1. Problem solving: this should be the number one reason you do a PhD (not to get a job in research, but). You PhD should be all about developing your ability to identify a problem and then subsequently, develop and refine your ability to solve it. Be careful that your PhD does not cover the ability to identify problems. Be careful that you are not told how to solve the problems, but that you work your way (in collaboration if needed) through the problems of your PhD.
2. Project management: Overseeing the conduct of a project. From start to finish. Be mindful that not all industries view Project Management in the same way. Some like the use of formal project management methodology (e.g. PRINCE2, Waterfall, PMBOK, Agile, Scrum). If these terms aren’t familiar to you – google them and read more about them before you say you can do project management. Also be mindful that most project managers like to stick closely to time and budget. Both of which are often missed within research and PhDs.
3. Written communication: Putting your thoughts or actions into a written form. This is mostly based on journal article and grant writing. Thus, I would prefer to qualify this as technical written communication, rather than written communication. Understand that there are many types of written communication and that some are more transferable than others. For example, blogs, social media and reports to non-research stakeholders are probably more valuable if you’re not intending to stay in academic research long term.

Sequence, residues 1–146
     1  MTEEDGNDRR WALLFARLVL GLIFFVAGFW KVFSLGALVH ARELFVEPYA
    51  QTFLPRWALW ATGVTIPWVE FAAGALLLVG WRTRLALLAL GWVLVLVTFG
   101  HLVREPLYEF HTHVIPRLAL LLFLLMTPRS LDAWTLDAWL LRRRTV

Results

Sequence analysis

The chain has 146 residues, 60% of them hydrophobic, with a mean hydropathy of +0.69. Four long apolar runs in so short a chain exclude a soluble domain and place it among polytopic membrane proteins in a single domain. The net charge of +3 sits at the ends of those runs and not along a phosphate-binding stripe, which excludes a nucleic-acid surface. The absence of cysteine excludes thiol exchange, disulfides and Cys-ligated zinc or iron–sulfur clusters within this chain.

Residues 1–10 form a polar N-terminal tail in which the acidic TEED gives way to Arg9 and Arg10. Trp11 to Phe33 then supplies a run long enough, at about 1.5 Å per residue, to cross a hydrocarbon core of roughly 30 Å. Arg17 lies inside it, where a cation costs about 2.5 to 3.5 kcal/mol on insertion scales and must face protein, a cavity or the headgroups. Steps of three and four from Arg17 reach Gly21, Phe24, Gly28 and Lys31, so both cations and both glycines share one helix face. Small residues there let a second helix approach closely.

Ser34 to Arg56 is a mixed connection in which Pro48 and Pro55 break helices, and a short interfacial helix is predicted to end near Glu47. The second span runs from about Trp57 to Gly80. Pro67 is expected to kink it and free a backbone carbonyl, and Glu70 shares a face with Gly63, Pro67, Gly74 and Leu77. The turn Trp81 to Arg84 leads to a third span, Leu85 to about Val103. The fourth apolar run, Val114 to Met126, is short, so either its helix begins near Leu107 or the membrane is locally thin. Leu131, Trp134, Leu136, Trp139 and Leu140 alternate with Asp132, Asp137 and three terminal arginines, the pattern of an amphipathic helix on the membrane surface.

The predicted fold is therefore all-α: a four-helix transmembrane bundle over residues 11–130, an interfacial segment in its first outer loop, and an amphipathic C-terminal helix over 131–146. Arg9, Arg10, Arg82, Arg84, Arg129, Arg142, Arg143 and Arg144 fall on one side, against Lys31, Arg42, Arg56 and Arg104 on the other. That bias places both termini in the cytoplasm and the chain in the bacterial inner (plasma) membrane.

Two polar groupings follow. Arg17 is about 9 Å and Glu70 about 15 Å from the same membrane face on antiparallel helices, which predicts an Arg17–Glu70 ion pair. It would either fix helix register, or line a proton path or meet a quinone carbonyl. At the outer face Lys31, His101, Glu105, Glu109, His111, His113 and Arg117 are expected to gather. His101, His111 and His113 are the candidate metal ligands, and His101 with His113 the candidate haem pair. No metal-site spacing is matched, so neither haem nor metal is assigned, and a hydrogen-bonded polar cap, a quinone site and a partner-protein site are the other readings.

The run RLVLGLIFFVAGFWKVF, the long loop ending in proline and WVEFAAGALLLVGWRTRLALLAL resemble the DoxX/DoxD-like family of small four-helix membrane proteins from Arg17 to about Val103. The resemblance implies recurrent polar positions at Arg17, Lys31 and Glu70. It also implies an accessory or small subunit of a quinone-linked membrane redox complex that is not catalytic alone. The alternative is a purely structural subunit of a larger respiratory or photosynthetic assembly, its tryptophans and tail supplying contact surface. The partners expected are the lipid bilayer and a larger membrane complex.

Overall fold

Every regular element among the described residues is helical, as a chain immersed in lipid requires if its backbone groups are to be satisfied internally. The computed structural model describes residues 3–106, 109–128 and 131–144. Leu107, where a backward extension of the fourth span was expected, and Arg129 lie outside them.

Be careful when identifying your
transferable skills from your
PhD – not all are created equal
4. Oral communication: Conversing with your colleagues (other students, Post Docs, Collaborators and supervisors) about your research. A large amount of research is collaborative and conducted in groups. Thus, a large amount of communication is conducted orally/verbally. In many cases this is technical, but it isn’t always. To broaden this out, talk to non-research stakeholders (e.g. parents, friends and relatives not in your field) about your work. The more you practice, the better you become a clear verbal communication. Don’t be satisfied if at the end of your speech their eyes have glazed over. You haven’t done a good job if that is the case. Re-think what you said and try to improve the next time.
5. Presentation skills: This combines oral and written communication into an audio-visual presentation of your work. That could be talking about your thesis (aka thesis defence); it could be your confirmation of candidature or second year presentation (often made in front of a learned but unfamiliar audience). It could even be a graphically designed report. It relies on being able to identify, structure and subsequently present an argument and the associated story of your work.
Dr Richard Huysmans is the author of Connect the Docs: A Guide to getting industry partners for academics. He has helped more than 200 PhD students, early career researchers and established academics build their careers. He has provided strategic advice on partnering with industry, growing a career building new centres and institutes as well as establishing new programs. Richard is driven by the challenge of helping researchers be commercially smart. His clients appreciate his cut-through approach. He knows the sector and how to turn ideas into reality.
To find out more, call 0412 606 178, email (Richard.firstname.lastname@example.org) or subscribe to the newsletter. He’s on LinkedIn (Dr Richard Huysmans), Twitter (@richardhuysmans), Instagram (@drrichardhuysmans), and Facebook (Beyond Your PhD with Dr Richard Huysmans).